Sample History Paper on The Building of the United States

The Building of the United States

In Chapter 6, “The intimately oppressed,” Zinn narrates how women, both White and of color, were oppressed by law as well as men. Prior to being forced to work, women had other responsibilities. Women were expected to be the child bearers, and they would give birth to as many children as the man demanded. It was a woman’s duty to nurture her children as well as her husband. Moreover, the law oppressed women in that men could take their wives to court and accuse them of having a child out of wedlock while the father of the child would not be punished for the same act (Zinn). A shift to an economy, which required women to work, brought about slavery. Slave women were treated twice as badly as slave men. The women would be forced into relationships by their masters, and they would be expected to take care of the domestic jobs. The women, therefore, underwent both emotional and physical torture.

Women played a great role in the American Revolution by offering not only support but also intelligence to their men. Women from different divides, low class, and from well-to-do families, all had a common goal, to see their men succeed. However, women from the working class such as Margaret Corbin and Molly Pitcher in history were recorded as prostitutes while Martha Washington, who was from a well-to-do family, was accorded respect for visiting her husband while he was at Valley Forge (Zinn). Women were caregivers, and they took care of their children when their husbands were out either socializing or fighting. They would hold the family together by encouraging the children that their fathers would be back as well as encouraging their husbands when they needed motivation.

The major theme in chapter 7 is war and oppression. The chapter covers the conflicts between the government of the United States and Native Americans. It covers events such as the Indian removal and Seminole wars, which took place during Martin Buren and Andrew Jackson’s administration.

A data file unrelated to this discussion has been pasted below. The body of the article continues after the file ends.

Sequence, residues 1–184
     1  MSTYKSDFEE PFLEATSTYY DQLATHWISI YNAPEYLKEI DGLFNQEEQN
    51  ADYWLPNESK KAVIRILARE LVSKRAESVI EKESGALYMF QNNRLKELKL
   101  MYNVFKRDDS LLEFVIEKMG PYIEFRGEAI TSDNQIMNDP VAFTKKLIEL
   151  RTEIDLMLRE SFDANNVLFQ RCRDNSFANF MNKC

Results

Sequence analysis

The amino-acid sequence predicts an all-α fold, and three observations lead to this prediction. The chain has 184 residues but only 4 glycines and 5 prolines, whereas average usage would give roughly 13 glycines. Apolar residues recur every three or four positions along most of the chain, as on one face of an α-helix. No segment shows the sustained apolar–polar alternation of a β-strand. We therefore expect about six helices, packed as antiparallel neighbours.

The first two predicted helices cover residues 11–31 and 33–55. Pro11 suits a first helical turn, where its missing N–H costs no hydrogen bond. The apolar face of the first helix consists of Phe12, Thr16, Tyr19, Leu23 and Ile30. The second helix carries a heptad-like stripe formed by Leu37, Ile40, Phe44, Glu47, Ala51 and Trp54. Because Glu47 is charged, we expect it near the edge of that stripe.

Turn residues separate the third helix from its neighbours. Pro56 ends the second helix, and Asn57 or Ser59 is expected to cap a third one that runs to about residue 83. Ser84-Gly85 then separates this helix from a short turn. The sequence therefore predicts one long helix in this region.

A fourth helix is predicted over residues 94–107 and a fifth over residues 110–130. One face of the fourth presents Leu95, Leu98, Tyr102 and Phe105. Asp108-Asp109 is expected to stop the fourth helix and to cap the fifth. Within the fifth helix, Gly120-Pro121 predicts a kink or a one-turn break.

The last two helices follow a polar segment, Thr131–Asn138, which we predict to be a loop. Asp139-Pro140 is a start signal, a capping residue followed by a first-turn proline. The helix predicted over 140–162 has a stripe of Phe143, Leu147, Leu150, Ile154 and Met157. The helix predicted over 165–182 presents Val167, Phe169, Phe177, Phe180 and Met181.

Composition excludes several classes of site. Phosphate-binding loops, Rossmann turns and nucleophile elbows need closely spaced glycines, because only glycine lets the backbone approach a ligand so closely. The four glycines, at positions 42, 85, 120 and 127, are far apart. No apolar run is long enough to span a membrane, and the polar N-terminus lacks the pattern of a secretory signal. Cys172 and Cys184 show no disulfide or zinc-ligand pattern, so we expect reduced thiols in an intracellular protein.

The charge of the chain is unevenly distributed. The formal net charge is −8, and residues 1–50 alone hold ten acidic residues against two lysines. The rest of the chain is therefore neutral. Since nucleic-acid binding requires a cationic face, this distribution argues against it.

Andrew Jackson was the 7th president of the United States from 1829 to 1839 (Zinn). He was also a soldier, and he served in both congress houses. Jackson, during his time in the army, led his army in battle across many regions such as horseshoe bend and creek war. He is also remembered for his role in the Seminole Wars, which led to the annexation of Florida. When he became president in 1829, he signed the Indian Removal Act, which led to Indian resettlement (Zinn).

The Seminole’s experience with the United States is different from Cherokee’s experience with the United States since Cherokees were willing to give a part of their land to the U.S while Seminole opposed removal. Jackson, by signing the Indian Removal Act, pushed for Indians to be removed from their land and relocated to the western region. Seminoles opposed the move, which led to an eight-year war (Zinn). Cherokees, on the other hand, preferred peace and did not directly engage the government. They signed an agreement with the government that they would give up a part of their land to the government, but the agreement was later disregarded, and the Cherokees were forced from their land. Jackson promised Cherokees that there would be land awaiting Cherokees in the West if they moved, which would be theirs “as long as the grass grows or water runs,” but the promise was never kept (Zinn). The experiences of both tribes with the United States were similar in that both of them were forcefully removed from their land. The Seminoles were forced to move to a land that could not sustain them while the Cherokee were forced on a journey referred to as a trail of tears.

In Chapter 8 Zinn showcases how the United States felt about the American-Mexican war and the reasons for their West Ward expansion. Despite the fact that the United States participated in the war to claim California and Mexico the government still maintained that it was not interested in the war but rather helping their people find areas to settle. The Washington union was one of the publications which President Polk used to indicate his stand on the issue and in one of the issues Polk indicated that annexation for them would be a peaceful march that cannot be stopped (Zinn). The National intelligencer which was a newspaper for the Whigs also reported about the Senate debate about war appropriation showing that not many people were enthusiastic about the war (Zinn).

Slavery was an important trade not only in the United States but also in other surrounding first-world nations such as those in Europe. Slavery provided the much-needed labor both at homes and the fields. Men were brought in from Western Africa and sold to wealthy men, once bought; the slaves would remain with their masters up until when the master decided to sell them or when the slaves died (Zinn). The more slaves a man had, the quicker they would work on the farm. Moreover, a man was considered wealthy based on the number of slaves he had. Slaves, therefore, provided labor, which led to the high production of farm produce and improved the United States economy.

Work Cited

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Zinn, Howard. A People’s History of the United States. , 2013.

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